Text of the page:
* * * *

On May 10th, 1910, the City Commission argued over Chief Engineer’s expenditures to study how to increase the city water supply, and the Commission order all work to stop on waterworks improvements in City Creek Canyon (Salt Lake Herald).

May 10, 2017

May 7th

Iridescent butterflies

4:00 p.m. Red-ozier dogwoods are blooming. Gambel’s oak trees at picnic site 1 have leafed-out to between two and four inches, but some of these oaks higher at mile 1.0 have no leaves. At Pleasant Valley, grasses are twelve inches high and move in waves in response to breezes. The high canyon walls are all covered in these green waves. Along the Pipeline Trail, red maples have leafed out to four inches. Mullein stalks are beginning to rise. Along the Pipeline Trail, 20 or 30 birds can be heard, but only yesterday’s male Black-chinned hummingbird puts in an appearance at its usual post on the powerline. No soaring raptors are seen today.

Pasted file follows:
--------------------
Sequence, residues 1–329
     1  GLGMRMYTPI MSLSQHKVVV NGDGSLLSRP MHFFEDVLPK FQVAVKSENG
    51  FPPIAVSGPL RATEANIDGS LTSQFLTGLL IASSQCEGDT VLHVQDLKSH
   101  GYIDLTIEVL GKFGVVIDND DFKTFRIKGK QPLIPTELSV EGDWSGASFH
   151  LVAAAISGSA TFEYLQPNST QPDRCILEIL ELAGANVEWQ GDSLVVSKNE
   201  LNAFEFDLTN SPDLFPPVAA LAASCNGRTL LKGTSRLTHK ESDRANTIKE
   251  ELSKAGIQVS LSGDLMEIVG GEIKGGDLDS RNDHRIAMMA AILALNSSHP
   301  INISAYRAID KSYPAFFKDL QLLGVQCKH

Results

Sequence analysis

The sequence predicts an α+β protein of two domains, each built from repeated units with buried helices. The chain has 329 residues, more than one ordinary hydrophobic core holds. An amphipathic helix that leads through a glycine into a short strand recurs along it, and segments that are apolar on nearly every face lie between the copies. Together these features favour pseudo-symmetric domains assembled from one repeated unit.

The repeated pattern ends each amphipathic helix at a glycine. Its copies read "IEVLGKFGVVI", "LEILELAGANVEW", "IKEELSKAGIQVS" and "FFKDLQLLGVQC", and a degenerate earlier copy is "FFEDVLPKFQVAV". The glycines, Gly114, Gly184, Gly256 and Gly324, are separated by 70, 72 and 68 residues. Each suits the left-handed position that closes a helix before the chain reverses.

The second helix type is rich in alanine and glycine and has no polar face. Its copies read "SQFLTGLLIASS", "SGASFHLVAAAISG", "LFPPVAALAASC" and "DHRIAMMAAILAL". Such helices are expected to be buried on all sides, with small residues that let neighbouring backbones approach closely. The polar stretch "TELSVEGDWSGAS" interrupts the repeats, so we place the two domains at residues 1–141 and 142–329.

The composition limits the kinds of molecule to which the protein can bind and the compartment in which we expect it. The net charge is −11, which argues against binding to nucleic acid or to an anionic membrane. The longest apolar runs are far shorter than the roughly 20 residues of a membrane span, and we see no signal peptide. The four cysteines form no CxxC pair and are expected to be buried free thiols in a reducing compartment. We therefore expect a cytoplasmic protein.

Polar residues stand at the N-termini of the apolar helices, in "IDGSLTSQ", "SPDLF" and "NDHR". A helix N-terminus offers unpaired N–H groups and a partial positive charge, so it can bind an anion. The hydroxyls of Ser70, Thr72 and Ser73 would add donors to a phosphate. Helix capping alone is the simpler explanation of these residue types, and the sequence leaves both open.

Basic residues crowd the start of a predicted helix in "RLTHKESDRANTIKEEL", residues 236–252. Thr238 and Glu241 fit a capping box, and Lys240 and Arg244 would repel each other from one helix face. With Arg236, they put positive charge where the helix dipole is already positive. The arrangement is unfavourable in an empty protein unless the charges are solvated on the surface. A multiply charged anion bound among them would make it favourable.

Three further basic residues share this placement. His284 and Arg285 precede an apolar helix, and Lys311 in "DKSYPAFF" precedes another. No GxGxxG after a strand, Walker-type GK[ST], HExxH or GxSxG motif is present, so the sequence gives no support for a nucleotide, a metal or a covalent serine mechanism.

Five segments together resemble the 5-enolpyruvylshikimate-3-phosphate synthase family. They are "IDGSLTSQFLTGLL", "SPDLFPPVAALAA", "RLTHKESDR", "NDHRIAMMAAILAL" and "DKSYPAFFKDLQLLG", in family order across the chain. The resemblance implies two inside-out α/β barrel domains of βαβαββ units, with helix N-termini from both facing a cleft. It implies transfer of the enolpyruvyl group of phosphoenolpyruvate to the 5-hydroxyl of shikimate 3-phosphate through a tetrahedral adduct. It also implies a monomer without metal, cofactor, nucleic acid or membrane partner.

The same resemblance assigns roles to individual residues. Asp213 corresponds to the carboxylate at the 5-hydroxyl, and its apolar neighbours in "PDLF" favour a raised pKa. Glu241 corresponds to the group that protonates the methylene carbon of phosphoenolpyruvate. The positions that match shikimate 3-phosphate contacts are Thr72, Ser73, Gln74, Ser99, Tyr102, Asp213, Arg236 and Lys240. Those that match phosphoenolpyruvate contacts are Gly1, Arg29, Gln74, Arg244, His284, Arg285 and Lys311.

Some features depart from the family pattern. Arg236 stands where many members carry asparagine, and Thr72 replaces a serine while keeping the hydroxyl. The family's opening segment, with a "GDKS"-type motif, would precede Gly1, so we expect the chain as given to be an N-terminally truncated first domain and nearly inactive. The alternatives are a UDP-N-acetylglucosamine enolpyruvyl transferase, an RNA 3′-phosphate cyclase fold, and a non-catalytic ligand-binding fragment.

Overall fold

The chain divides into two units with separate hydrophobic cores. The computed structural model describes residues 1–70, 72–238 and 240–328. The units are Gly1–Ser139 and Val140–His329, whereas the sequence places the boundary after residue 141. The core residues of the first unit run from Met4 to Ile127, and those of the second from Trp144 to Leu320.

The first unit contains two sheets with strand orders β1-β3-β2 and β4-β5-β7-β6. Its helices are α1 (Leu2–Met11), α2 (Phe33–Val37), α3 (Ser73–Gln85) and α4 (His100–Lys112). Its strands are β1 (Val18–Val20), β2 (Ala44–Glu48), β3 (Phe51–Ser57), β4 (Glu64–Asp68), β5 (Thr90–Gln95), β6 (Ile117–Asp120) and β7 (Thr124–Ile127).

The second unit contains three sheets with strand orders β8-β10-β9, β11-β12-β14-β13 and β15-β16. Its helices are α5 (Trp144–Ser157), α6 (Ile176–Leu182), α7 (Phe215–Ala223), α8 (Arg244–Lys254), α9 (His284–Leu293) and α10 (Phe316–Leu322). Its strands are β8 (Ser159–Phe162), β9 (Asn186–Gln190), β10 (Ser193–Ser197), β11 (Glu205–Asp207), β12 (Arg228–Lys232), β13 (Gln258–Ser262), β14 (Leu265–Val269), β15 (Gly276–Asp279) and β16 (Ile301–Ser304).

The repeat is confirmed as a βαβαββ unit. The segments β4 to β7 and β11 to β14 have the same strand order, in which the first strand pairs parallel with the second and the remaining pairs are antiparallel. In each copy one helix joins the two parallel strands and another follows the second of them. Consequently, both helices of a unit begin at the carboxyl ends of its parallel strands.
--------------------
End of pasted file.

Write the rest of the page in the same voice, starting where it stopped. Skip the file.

The thirty or forty butterflies in the first mile are dominated by Orange Sarah tops and Desert Elfin (Incisalia fotis fotis) butterflies. Below picnic site 1, an unidentified red-brown caterpillar hangs from a Box Elder tree by a twenty-foot long silk thread, and as the wind blows it sways back and forth in large five foot arcs. It does not know whether to go further down or up. At picnic site 3, an unidentified beetle lites onto a table, and in a ray of sunlight, a patch on its back radiates a bright lime green. Near mile 0.5, a small black ant drags a dead lime green caterpillar back to its nest. Along the Pipeline Trail, a Common sulphur butterfly moves between and drinks from Arrowleaf balsamroot blossoms, and more than ten Stink bugs are active on the trail. I miss nearly stepping on one that is laid out, legs splayed wide, on the trail. My foot alarms it and it springs up and lands in a defensive posture. Back at the Guardhouse Gate, I notice a Cabbage white butterfly fly into a bush, inexplicably struggle, and then frenetically fly off. Close examination shows the circular web of an orb weaver spider (Araneus sp.). This unidentified spider has wonderful orange, white and black spotting on its abdomen, but I am unable to photograph. My autofocus camera only sees the background and refuses to make a sharp image of the tiny spider in the foreground.